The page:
One cooking method I haven't tasted for many a year is what in Britain is called Roast Potato (as against Baked potato - baked in its skin).
Roast potatoes were peeled, cut in half or quarters depending on size, and roasted in the oven with a joint of meat (usually for Sunday lunch)- not put in the oven at the outset of course, but partway through the beef/lamb roasting time. This method added a different texture and flavour from any other cooking method - potatoes done this way were also good as cold leftovers to nibble on.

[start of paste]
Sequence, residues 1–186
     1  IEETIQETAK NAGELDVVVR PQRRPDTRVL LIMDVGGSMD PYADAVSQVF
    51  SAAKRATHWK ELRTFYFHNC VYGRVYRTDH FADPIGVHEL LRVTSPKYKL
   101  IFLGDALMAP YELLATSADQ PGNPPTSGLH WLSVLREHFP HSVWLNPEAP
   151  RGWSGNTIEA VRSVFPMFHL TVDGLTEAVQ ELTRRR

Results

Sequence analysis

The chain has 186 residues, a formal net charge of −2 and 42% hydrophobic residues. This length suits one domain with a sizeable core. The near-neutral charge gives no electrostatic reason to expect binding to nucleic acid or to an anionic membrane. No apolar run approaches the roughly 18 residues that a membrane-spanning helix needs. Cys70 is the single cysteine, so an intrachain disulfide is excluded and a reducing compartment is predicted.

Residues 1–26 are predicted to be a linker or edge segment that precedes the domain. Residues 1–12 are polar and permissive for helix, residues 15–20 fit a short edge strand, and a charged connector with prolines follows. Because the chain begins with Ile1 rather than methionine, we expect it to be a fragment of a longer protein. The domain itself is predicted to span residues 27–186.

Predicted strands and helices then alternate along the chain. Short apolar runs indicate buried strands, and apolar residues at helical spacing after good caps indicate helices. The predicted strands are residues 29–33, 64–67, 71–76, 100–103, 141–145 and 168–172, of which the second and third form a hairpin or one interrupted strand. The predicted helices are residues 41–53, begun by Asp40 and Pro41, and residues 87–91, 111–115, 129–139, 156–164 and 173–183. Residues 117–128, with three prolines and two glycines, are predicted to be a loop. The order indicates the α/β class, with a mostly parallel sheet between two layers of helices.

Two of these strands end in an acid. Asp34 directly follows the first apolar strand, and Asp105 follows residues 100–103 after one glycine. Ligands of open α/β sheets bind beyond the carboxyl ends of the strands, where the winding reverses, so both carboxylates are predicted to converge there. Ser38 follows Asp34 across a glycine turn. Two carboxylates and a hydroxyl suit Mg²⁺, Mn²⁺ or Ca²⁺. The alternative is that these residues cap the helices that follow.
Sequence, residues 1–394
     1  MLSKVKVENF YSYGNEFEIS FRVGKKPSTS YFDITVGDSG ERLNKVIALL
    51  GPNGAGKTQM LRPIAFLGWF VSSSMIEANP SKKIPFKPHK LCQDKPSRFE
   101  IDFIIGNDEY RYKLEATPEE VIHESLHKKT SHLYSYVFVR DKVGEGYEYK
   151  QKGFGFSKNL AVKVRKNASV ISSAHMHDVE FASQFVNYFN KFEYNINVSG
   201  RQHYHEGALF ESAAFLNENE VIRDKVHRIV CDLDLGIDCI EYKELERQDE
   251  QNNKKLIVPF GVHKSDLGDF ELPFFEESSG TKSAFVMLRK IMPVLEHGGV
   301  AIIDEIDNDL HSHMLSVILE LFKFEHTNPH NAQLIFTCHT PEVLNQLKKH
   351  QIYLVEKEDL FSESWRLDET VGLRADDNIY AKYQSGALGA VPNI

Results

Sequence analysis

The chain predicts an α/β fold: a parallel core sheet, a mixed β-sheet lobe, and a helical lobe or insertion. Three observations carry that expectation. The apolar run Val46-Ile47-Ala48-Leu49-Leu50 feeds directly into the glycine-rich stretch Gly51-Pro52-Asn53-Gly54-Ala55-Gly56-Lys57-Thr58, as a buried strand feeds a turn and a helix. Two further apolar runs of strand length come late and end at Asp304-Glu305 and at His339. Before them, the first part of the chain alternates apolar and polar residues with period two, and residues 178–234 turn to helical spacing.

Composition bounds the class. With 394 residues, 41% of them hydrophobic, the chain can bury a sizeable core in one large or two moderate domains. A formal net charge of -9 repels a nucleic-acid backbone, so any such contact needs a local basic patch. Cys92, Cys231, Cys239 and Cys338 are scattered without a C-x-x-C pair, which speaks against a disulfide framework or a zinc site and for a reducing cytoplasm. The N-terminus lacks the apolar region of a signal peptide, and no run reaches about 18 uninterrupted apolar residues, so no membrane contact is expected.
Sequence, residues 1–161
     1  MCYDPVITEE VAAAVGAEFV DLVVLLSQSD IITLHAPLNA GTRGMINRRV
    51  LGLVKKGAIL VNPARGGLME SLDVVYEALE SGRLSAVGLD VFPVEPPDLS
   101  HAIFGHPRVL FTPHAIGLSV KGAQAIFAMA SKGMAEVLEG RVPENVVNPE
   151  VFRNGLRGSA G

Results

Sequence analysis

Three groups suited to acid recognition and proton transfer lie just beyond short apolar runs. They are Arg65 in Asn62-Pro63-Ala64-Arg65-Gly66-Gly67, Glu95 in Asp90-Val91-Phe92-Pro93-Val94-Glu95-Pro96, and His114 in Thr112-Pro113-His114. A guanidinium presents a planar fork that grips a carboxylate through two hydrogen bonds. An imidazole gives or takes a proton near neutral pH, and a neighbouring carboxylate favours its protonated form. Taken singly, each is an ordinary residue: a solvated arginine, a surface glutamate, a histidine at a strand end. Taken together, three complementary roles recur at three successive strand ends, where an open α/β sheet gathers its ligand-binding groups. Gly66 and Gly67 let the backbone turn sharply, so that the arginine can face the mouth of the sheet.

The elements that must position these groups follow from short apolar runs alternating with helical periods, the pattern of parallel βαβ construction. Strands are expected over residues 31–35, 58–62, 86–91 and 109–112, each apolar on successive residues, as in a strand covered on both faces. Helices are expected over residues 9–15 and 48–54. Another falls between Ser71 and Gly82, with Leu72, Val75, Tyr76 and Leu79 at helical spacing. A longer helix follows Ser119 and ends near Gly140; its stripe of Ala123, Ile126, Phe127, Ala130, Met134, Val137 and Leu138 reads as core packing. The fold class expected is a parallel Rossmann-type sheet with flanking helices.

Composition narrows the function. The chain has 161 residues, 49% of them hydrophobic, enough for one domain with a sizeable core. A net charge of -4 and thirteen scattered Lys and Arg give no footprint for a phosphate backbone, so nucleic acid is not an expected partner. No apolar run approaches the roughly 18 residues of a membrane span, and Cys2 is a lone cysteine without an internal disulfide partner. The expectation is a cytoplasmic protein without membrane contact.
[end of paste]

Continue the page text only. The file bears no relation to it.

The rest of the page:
Potatoes and Moon eh? Wonder how they came to that conclusion. As they grow underground you'd expect them to be more Plutonian. :-)

♥ Sonny ♥ said...

we love taters here:)
all different ways but a fav is twice baked where its baked- cut in half - cheese onions bacon added then popped bake in to bake another 15 mins. yummmmm

Twilight said...

Sonny ~ Ooooh! That's something I must try - (typed as she dribbles on the keyboard).

Shana C. said...

Antoine Parmentier is a descendant of mine on my dad's side. This was a smart man, and I am happy to know we are related, somehow-it gets confusing looking at the family tree!

Shana C.

Twilight said...

Shana C. ~ Hi there! Thank you for popping in to comment. It's good to discover one's ancestors - especially when they prove to be as interesting as this one of yours! :-)